In certain situations it would be preferable to permanently install proximity probes on rotating shaft machinery using either the internal or external bearing mounting procedures. However, due to both the cost and time typically involved to install such systems, it is not always practical or feasible to do so. The present device is intended, primarily, to be used for temporary or short duration mounting of proximity probes for taking accurate measurements of shaft deviation either during load changes or transient conditions such as startup or shutdown.
Sleeve type bearings are typically used on large Induced Draft Fans (ID), Forced Draft Fans (FD), process fans, turbines, large motors, and the like. Temporary mounting of the present proximity probes is particularly useful, e.g., when diagnosing shaft vibration and the shaft position within the bearing clearance relative to the bearing housing of fluid film bearings. Probes and cables are available from several vendors including CTC, GE Bently, SKF, etc. Data may be acquired from the probes using instruments available from GE Bently, SKF, Shinkawa, IOtech, CSI, and National Instruments.DETAILED DESCRIPTION
Referring to the drawings and with particular reference to the claims herein, the present device comprises a rigid body 20 having a flat magnetic rear face portion, preferably rare earth flat magnets 22 secured to body 20 by screws 21 and set screws 23 and adapted to magnetically, forcibly seat against a substantially flat surface area 24 of a shaft bearing housing 26 of magnetizable material such as iron or steel, structural means such as threaded bore 28 on said body and lock nut 29 for holding a proximity probe 30, an adjustment mechanism 32 such as threads on said structural means for spacing said probe a desired distance from the surface 33 of shaft 35, and angular positioning means 34, 36 on said device for aiming the probe axis 38 at a desired location such as 39 on the shaft surface 33.
Body 20 is composed of any strong rigid material including aluminum, steel, brass, ceramic, plastic such as butyrate, polyamide or polyurethane and preferably is provided with a cut-out 40 for accommodating an extension bar 41 affixed by a pair of screws 37 (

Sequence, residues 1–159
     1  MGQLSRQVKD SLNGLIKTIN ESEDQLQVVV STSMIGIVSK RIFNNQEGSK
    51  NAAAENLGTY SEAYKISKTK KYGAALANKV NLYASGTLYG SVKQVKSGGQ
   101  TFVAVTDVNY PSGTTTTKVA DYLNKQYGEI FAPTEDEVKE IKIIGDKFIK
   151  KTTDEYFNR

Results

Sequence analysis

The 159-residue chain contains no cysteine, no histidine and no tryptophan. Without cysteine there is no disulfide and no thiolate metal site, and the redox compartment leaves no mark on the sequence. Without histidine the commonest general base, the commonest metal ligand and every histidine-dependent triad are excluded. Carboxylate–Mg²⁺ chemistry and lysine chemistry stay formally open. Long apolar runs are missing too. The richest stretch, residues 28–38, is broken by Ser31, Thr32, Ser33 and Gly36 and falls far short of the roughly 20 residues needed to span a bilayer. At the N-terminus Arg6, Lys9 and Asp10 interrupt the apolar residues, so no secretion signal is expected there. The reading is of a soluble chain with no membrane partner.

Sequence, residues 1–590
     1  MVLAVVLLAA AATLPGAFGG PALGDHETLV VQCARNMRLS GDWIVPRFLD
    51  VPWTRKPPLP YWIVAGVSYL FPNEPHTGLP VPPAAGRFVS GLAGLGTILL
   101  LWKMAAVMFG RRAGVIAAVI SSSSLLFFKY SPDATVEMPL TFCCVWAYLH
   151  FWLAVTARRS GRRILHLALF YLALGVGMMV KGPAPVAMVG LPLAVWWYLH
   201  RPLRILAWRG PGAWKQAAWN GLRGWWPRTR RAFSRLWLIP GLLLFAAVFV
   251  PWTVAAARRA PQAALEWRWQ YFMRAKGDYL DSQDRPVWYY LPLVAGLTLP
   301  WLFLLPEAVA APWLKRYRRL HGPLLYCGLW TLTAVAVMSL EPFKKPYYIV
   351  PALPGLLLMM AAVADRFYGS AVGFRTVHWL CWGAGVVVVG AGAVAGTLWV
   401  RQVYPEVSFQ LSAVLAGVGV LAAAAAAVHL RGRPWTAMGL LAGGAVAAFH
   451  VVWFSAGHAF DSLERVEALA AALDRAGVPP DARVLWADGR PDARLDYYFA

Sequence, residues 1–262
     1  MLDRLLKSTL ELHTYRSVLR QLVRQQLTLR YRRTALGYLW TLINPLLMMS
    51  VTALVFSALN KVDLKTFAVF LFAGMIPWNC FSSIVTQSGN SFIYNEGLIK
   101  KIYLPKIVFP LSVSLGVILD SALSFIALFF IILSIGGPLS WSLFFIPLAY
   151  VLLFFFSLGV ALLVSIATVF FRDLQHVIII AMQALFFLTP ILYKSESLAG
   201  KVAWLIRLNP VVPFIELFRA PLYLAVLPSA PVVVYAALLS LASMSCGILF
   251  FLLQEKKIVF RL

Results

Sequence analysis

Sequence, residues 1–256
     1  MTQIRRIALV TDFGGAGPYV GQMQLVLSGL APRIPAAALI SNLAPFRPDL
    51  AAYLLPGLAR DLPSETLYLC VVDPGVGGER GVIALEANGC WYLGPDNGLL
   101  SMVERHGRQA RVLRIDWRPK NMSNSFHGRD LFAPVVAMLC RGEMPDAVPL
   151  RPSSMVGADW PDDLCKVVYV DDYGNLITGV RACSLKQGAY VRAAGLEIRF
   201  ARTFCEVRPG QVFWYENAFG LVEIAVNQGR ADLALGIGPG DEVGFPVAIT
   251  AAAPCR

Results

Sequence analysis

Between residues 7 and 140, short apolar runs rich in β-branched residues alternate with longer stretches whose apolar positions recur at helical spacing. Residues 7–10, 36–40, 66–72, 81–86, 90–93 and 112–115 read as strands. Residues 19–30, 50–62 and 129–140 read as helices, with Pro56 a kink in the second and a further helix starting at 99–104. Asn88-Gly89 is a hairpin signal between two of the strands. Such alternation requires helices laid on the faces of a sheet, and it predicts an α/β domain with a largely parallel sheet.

Angular positioning means 34 is used for horizontal shaft readings and comprises a protractor type of angle indicator having an angle marked face plate 44 rotatably mounted by screw 46 and compression washer 48 on body 20. A horizontal line 50 is marked on the body and is normal to the probe axis 38 and is used as a zero angle set line when aligned with 90° markings on the face plate. The probe axis positioning procedure would be to rotate and lock plate 44 either clockwise or counterclockwise at a desire angle, e.g., 45° as marked on the face plate and then angularly move body 20 around and in close proximity to the shaft until bubble level 52 which is affixed to plate 44 and is parallel to the 90° marking on the plate comes to a horizontal posture as shown, e.g., in
The CMS Proximity Probe Mount uses two rare earth flat magnets to secure the mounts to the face of the bearing. A moveable bubble level with protractor angle gauge allows easy positioning of the probe bracket to the desired angle (such as 45 degrees). Two ¼-20 thread jacking screws are provided as aids to overcoming the strong magnetic pull when positioning or removing the probe mounts from the bearing housing. The mount body has machined surfaces which are provided as an aid to precise mounting. Extension brackets or bars are provided in two lengths to allow positioning the probes to a more desirable shaft region.
8 mm proximity probes (not supplied with Part No. 5067) should be screwed into the probe holders so that the probe tip extends about ½ to 1 inch from the holder as shown in
With the machine shutdown and the shaft not turning, clean the bearing housing and/or seal housing surfaces of all oil and grease where the probe holders will be attached. The surfaces where the magnets attach should be clean and free of burrs, loose paint, oil and grease.
The shaft surface that the proximity probes will sense will typically require cleaning or light dressing with 280 grit wet/dry abrasive paper especially if rust is present. The shaft surface that the probe will sense should be free of keyways, oil slingers, mechanical damage, plating or metal spray buildup. Where needed, the extension brackets can be employed to move the probes away to a more desirable shaft location.